Shop now Shop now Shop now  Up to 70% Off Fashion  Shop all Amazon Fashion Cloud Drive Photos Shop now Learn More Shop now Shop now Shop Fire Shop Kindle Shop now Shop now

Customer Reviews

4.3 out of 5 stars
16
4.3 out of 5 stars
Your rating(Clear)Rate this item


There was a problem filtering reviews right now. Please try again later.

on 30 December 2013
A beautiful satirical examination of the criminal justice system as it works in practice. I'd cheerfully recommend this to anybody working in the legal profession, law students and those looking for a quick read that'll have you howling. I'd love to read more of Mr Bigg-Wigg's work.
0Comment| 3 people found this helpful. Was this review helpful to you?YesNoReport abuse
on 7 April 2015
As a jury foreman once I found this hilarious. The only point missed was in my trial the crown counsel conveniently had the antecedent sheet at the back of his notes as he addressed the jury thus informing us that the thug on trial was just that - a thug. Everything else was as is including the police evidence which was detailed and suitably vague as required as the accused was detained whilst resisting arrest.
0Comment| One person found this helpful. Was this review helpful to you?YesNoReport abuse
on 8 September 2015
Snide and contemptuous, this is a nasty book. The author ridicules judges, court officers, the police, defendants and juries coming across as an intellectual bully happy to slap justice about to achieve immoral even unethical ends. Perhaps it does highlight a couple of points though. The balance of equity in English law is not right. The writer makes it quite clear that on occasion defendants he knows in his own mind absolutely to be guilty are set free not because they are innocent but because their barrister has found something incorrect in the prosecution evidence that he ( or she) can manipulate to hide or rule inadmissable evidence that would convict their client. In English Law, two wrongs can result in a not guilty verdict. The first wrong is the crime itself, the second wrong is a witness who demonstrably lies or a lawyer who can bully a witness into confusion and apparent contradiction. Perhaps contempt of court (as this book is) should be strengthened so that noone neither an advocate nor a solicitor, neither a police officer nor a court officer not even a judge is "above the law". The author of this seems to believe he is. Shame on him.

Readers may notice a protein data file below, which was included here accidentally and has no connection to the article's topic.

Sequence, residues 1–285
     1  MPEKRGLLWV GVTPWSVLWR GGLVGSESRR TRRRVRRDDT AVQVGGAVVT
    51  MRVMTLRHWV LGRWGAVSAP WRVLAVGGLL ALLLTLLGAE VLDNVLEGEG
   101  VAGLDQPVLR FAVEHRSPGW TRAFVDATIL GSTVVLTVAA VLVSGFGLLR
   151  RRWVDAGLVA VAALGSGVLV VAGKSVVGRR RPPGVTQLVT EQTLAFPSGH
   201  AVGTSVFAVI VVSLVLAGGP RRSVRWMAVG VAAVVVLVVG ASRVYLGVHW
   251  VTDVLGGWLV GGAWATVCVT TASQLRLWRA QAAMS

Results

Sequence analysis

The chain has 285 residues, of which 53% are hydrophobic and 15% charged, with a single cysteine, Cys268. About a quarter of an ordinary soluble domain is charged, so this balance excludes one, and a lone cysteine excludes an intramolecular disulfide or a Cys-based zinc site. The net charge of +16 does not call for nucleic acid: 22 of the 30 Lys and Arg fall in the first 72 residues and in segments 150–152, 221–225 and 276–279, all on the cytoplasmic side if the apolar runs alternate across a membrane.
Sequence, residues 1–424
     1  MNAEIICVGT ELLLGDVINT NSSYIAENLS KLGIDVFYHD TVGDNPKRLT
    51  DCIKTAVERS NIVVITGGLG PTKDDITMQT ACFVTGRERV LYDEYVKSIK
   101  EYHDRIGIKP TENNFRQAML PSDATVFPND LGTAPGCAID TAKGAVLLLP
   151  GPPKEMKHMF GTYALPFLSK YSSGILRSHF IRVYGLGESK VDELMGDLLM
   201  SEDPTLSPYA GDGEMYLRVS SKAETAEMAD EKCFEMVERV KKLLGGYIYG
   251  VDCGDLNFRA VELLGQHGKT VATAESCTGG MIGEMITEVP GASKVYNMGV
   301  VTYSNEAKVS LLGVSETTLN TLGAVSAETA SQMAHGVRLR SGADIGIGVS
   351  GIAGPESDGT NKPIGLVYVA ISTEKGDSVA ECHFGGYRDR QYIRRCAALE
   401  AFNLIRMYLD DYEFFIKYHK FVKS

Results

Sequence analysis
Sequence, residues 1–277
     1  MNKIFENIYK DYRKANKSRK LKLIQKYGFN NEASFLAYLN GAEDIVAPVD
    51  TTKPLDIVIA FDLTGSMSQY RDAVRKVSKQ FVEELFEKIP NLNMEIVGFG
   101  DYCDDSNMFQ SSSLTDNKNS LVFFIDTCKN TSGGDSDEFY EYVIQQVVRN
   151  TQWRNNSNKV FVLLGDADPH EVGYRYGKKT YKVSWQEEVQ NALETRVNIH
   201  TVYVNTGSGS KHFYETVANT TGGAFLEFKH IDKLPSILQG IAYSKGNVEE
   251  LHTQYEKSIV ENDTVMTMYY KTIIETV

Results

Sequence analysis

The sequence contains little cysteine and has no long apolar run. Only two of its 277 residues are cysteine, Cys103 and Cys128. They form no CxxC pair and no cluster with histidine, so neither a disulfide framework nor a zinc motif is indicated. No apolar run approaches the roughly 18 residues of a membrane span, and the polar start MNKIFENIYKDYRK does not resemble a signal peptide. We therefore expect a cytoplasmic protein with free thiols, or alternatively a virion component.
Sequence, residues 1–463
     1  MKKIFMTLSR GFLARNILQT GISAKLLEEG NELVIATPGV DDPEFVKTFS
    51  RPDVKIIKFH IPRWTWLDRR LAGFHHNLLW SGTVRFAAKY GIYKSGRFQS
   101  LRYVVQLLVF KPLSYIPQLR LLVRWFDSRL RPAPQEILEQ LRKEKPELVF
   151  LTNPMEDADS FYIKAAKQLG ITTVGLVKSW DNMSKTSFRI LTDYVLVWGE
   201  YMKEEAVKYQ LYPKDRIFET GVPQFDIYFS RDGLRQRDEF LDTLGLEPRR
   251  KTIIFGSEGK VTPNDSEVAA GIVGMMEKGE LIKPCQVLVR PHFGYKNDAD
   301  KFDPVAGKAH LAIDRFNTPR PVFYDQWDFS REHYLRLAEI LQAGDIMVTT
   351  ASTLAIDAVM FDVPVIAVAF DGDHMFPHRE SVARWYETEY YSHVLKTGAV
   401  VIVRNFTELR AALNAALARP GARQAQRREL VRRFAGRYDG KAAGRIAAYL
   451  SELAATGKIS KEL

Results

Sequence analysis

0Comment| 2 people found this helpful. Was this review helpful to you?YesNoReport abuse
on 10 October 2014
Essential reading for anyone interested in advocacy. The author writes with wit, humour and truth. Fantastically entertaining and had me giggling
0Comment| 2 people found this helpful. Was this review helpful to you?YesNoReport abuse
on 23 October 2014
Started off with a bit of tongue-in-cheek humour which was ok. Then got boring and just about knocked everything/everyone connected to the legal process.
0Comment| 3 people found this helpful. Was this review helpful to you?YesNoReport abuse
on 28 December 2014
Entertaining, informative and engaging. Once you start reading you cannot put the book down. You wAnt to know how he describes what happens next.
0Comment|Was this review helpful to you?YesNoReport abuse
on 10 March 2016
A really good jargon free read. It takes a criminal case study from start to end with a cleverly light hearted approach from the author.
0Comment|Was this review helpful to you?YesNoReport abuse
on 8 March 2016
A brilliant look into Advocacy. Giving you a good look at the components of a working life of a barrister and of the court.
0Comment|Was this review helpful to you?YesNoReport abuse
on 10 August 2014
Great book, definately worth a read. It was so difficult to get hold off but found it on here.
0Comment|Was this review helpful to you?YesNoReport abuse
on 14 August 2014
Hilarious. Wonderfully written and dry.
0Comment|Was this review helpful to you?YesNoReport abuse